Despite all the planning, the animals do as they please – even on New Year's Eve
Not everything can be planned and controlled, that much is obivious since there’s once again tadpoles in the mountian chicken frog enclosures at Nordens Ark. This normally happens during summer, but something in the environment at Nordens Ark seems to be extra favorable for this particular endangered species.
Despite all our planning our mountain chicken frogs seems to have had their own New Year’s party. The conditions were obviously perfect for the mountain chicken frogs who took the opportunity to make new foam nests filled with tadpoles.
-We don't know exactly how many there are yet, says Kristofer Försäter, responsible animalkeepr for the mountain chicken frogs at Nordens Ark. We’ll know in a few weeks when they develop into small frogs and start to leave the nest.
The reproduction of amphibians is strongly linked to the environment they live in. In the breeding facility at Nordens Ark, we strive to mimic the natural conditions in nature as much as possible.
-Why the frogs thought New Year’s Eve was an appropriate day is unclear but probably it has to do with temperature changes. It is something we'll have to analyze further, Kristofer continues. Either way, these tadpoles are a welcome and important addition to saving this endangered frog.
Last year, the mountain chicken frogs on Nordens Ark had a record number of tadpoles, a total of 35. One of the females even managed to get two litters during one and the same season, which in itself is quite sensational.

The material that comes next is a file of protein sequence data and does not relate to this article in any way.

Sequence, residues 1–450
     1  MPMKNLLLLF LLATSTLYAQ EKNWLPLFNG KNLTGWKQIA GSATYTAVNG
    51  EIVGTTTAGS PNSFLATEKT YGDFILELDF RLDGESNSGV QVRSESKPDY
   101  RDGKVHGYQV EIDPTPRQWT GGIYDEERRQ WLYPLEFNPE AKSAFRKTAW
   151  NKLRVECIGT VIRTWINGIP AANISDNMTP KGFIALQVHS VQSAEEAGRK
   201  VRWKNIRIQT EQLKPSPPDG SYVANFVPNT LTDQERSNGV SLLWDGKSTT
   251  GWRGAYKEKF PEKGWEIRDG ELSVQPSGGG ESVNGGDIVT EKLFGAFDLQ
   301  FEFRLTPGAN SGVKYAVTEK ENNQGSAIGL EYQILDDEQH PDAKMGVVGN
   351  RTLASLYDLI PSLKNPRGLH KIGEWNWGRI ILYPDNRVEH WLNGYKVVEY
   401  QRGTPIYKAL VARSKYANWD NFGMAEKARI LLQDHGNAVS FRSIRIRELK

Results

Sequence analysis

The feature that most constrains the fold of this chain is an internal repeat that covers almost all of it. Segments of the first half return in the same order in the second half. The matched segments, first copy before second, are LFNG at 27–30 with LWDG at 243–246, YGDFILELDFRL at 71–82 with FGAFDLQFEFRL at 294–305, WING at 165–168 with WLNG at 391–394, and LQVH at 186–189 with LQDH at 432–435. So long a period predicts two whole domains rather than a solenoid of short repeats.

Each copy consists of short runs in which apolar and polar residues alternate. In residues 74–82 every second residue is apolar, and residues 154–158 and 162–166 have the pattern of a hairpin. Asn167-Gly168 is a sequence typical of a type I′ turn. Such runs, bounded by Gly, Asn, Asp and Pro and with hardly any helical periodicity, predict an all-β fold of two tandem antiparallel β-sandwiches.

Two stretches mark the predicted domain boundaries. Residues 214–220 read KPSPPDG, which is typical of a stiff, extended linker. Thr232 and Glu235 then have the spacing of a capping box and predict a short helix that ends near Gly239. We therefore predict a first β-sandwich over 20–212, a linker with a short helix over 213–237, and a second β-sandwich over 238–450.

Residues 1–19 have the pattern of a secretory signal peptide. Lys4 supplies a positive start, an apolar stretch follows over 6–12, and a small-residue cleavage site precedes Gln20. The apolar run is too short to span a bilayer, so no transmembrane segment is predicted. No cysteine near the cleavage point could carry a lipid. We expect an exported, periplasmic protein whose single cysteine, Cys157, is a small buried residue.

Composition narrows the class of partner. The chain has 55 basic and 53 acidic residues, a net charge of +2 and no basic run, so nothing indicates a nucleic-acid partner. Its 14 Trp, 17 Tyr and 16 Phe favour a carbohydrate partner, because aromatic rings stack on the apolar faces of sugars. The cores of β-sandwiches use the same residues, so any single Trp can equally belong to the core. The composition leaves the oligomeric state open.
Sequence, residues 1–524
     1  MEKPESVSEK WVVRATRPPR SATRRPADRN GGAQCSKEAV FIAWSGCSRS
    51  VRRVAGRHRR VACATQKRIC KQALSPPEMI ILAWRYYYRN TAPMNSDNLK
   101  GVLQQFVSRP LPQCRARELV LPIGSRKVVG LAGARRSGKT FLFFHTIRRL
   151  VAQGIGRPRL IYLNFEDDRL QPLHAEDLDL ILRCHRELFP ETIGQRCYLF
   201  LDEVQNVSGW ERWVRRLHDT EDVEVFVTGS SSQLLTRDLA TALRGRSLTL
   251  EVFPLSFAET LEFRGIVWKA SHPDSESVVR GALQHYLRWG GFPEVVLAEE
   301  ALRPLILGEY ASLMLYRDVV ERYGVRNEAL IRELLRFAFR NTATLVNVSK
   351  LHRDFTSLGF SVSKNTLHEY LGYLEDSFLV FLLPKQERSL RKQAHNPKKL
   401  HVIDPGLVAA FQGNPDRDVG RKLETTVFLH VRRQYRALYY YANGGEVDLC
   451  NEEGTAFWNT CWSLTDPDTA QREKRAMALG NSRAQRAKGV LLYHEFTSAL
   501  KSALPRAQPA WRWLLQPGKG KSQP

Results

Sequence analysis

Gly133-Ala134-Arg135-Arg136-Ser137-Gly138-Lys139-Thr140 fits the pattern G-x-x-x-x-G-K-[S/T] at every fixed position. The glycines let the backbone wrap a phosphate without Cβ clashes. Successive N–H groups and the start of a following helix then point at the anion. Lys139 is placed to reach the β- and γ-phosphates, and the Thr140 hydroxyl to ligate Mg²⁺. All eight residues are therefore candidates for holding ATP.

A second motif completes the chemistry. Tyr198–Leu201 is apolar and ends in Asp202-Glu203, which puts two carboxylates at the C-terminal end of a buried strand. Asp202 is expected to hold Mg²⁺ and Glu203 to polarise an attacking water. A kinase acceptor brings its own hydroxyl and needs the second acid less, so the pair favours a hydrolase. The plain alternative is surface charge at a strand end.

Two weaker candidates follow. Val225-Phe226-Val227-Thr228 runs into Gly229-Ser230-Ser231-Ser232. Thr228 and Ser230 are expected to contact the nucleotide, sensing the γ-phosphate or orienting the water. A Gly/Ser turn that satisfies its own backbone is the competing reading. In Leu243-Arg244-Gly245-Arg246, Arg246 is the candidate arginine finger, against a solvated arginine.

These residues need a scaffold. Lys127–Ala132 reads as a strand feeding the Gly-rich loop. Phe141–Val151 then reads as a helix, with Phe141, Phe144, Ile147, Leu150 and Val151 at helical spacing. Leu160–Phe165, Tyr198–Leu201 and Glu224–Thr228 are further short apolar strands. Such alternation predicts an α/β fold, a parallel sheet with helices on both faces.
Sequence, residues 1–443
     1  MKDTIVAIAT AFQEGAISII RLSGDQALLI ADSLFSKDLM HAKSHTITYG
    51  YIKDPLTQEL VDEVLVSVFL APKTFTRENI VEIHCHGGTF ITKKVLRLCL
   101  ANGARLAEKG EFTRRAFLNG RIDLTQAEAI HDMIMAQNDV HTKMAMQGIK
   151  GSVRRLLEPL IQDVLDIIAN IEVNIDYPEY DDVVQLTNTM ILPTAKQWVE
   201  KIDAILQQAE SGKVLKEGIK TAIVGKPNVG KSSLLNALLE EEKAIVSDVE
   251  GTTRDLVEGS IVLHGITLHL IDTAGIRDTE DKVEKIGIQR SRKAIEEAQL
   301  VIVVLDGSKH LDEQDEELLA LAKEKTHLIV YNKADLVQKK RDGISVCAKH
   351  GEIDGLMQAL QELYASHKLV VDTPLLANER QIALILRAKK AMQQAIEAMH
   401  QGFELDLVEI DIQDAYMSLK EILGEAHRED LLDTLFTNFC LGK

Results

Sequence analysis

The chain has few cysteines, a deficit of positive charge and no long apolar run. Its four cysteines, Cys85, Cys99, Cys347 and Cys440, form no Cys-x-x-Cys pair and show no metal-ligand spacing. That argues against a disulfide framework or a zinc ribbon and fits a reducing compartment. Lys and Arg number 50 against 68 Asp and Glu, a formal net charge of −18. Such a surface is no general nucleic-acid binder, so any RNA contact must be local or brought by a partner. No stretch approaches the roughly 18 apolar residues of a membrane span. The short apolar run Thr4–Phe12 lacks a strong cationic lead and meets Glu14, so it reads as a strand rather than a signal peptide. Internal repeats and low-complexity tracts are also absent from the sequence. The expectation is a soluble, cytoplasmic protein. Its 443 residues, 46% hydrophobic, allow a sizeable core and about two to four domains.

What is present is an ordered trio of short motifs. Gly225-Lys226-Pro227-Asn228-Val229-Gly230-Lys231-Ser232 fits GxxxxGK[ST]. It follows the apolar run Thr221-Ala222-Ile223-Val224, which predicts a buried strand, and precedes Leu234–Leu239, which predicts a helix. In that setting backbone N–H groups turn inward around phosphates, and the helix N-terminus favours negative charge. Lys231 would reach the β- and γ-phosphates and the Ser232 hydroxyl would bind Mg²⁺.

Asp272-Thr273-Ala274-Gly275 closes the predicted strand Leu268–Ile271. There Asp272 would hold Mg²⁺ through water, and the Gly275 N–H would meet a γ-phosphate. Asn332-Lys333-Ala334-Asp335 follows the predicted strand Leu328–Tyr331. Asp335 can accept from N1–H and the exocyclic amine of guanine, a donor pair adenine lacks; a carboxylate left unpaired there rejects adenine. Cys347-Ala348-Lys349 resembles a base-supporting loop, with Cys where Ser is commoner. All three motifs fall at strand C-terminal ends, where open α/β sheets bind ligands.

Mountain chicken frog at Nordens Ark. Photo: Jenny Magnusson
In 2002 the dreaded fungal disease chytridiomykos basically knocked out the population of mountain chicken frogs on the Caribbean island of Dominika. Researchers followed developments closely and feared that the disease would quickly spread to the nearby island of Montserrat. When reports of dead frogs on Montserrat came in 2009 the authorities acted quickly and, in cooperation with European zoos, 50 of the last frogs were evacuated from the island and flown to Europe to ensure the survival of the species.
Ten years later, descendants of the evacuated frogs could be flown back, this time to large semi-wild enclosures where scientists closely monitor their development, hoping that the frogs can develop a resistance to the fungal disease that still remains in the wild.
-Hopefully, in the near future, we will be able to send frogs bred here on Nordens Ark to Montserrat, concludes Kristofer, but until then it is important that we continue the work of keeping a genetically healthy population of mountain chicken frogs in the zoos and that is why this year's cubs are so important.
In addition to nordensArk, work to save the chicken frogs is also taking place at Chester Zoo, Durrell Wildlife Conservation Trust, Paignton Zoo,Bristol Zoo and zoological Society of London and is part of the Mountain Chicken Recovery Programme. All in cooperation between European organisationsand the governments of Montserrat and Dominica.